He was keenly interested in his craft – he had been a reader at Harrison & Sons – and wrote a valuable booklet, ‘The Duties and Responsibilities of a Reader’. He also contributed an article on ‘Trade Unionism in the Printing Industry’ to a survey of British Trade Unionism edited by G. D. H. Cole.
In the early days of 1947 Temple fell ill for the first time since his appointment and died suddenly a few weeks later.
The present secretary, C. W. Wallace, has been in the service of the A.C.P for nearly 35 years, having joined the staff in 1919, shortly after demobilisation from the Royal Naval Air Service.
In February 1947 he was appointed assistant secretary, an office which had remained vacant since 1932.In June of the same year he was elected to his present position by an overwhelming majority from among seven candidates.
Since the ‘Chair’ became a regular feature of the executive there have been eight occupants, the first of whom was W. Hilton, who played a prominent part in the establishment of readers’ pensions. His successors were J. Randall (1904-09), during whose period of office the A.C.P. became a trade union; S. Andrewartha (1909-17); W. H. Shortell (1917-30),an outstandingly popular officer who played a notable part in the improvement of benefit schemes; A. Jennings (1930-45), for some years, as ‘Vox Quaerentis’, a regular contributor of articles on professional and literary topics to A.C.P. notice papers; E. A. Holmes (1945-50).who will be specially remembered for his proposals for the reconstruction of the superannuation fund in its present form; L. C. Monard (1950-51);and the present chairman, F. F. Marston.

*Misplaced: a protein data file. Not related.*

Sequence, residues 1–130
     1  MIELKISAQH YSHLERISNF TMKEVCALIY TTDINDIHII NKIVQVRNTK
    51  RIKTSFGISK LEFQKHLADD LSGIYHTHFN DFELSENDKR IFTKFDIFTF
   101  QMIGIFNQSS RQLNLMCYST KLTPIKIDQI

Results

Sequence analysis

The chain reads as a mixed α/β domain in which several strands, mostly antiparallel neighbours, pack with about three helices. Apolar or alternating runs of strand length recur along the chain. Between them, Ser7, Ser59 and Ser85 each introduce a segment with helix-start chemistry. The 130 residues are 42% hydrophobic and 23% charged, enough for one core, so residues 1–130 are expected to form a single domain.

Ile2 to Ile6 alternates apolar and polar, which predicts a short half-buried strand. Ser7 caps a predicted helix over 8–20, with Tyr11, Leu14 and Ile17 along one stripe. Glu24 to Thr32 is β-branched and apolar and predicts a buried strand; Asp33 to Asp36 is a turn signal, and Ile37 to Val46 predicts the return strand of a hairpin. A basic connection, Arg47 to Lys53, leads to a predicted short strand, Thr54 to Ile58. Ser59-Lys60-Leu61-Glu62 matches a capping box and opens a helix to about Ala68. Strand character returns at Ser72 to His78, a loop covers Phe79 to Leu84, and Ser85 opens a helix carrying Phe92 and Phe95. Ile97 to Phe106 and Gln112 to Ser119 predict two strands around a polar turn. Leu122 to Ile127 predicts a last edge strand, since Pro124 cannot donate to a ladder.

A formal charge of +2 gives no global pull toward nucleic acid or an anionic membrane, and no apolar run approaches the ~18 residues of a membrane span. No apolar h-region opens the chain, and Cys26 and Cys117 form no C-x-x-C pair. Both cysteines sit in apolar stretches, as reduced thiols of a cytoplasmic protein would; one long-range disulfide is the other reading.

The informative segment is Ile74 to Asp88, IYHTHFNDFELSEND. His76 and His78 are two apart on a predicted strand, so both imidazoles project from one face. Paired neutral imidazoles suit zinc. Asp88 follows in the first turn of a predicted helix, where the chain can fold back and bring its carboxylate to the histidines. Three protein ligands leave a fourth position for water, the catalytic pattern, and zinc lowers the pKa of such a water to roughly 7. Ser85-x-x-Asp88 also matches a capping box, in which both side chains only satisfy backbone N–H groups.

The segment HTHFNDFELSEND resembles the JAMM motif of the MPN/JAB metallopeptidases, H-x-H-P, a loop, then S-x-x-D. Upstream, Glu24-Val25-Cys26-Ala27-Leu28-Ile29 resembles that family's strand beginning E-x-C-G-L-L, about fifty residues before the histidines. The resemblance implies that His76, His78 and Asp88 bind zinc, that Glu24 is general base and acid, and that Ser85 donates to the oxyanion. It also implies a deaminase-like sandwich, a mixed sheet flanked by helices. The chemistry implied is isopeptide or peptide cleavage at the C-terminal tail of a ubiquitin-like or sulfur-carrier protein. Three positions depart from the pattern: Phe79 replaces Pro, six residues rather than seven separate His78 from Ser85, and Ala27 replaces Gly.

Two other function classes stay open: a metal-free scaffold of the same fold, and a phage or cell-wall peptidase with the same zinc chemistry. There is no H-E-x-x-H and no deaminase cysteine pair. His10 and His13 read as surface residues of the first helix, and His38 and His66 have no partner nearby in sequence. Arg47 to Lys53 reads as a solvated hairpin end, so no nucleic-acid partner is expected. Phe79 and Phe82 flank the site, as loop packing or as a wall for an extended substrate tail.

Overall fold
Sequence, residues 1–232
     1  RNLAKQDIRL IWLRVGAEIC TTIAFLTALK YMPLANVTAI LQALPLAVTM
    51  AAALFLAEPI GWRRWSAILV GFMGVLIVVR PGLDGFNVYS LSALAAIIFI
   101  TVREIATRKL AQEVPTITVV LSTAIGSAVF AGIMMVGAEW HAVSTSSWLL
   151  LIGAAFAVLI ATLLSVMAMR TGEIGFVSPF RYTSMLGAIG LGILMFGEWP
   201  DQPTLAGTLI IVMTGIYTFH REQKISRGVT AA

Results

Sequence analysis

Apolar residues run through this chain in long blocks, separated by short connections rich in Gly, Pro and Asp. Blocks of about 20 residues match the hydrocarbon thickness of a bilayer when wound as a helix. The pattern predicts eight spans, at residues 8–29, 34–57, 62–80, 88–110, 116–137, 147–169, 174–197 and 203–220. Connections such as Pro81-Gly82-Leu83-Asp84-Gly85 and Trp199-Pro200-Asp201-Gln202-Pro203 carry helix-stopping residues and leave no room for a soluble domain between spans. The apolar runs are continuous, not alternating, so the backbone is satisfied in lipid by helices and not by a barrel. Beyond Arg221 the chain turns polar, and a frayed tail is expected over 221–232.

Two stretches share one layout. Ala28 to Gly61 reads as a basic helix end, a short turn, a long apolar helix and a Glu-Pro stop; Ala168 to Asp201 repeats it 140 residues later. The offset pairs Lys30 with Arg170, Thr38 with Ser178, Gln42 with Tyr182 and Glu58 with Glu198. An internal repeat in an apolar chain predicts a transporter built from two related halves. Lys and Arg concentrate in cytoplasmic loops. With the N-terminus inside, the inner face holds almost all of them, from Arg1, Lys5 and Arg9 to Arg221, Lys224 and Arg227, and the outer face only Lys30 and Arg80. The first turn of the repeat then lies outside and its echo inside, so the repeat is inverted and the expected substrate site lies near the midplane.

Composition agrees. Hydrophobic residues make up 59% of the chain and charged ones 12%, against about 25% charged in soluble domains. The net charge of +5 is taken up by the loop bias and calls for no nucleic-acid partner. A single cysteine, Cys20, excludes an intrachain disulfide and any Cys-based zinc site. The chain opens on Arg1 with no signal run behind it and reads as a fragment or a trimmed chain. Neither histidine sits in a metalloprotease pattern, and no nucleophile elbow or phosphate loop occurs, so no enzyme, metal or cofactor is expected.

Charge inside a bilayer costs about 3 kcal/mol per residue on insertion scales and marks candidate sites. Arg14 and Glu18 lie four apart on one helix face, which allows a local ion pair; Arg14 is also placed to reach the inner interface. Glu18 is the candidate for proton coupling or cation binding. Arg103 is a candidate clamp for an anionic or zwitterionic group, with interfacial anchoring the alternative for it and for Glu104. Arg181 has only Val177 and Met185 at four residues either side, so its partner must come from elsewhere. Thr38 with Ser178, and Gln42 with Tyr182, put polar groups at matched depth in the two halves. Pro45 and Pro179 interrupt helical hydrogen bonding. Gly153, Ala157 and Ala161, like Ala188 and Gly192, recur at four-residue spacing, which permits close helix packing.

On the eve of its centenary celebrations, the Association of Correctors of the Press is firmly established as a well-served, compact, and efficient unit of the trade union movement.
As a craft union its status is unassailable, while its value to its members as the guardian of their interests is affirmed by the loyalty which prevails in every recurrent crisis.
The problems which the Association faces almost daily are as difficult as, and probably more complex than, any which confronted it in the past. But its ability to take good care of itself is as manifest to-day as it was in the periods of stress and turmoil recorded in the preceding pages. Its safeguard now, as then, is the high standard of conduct by which members have for the past hundred years been guided. both as individuals and as a corporate body.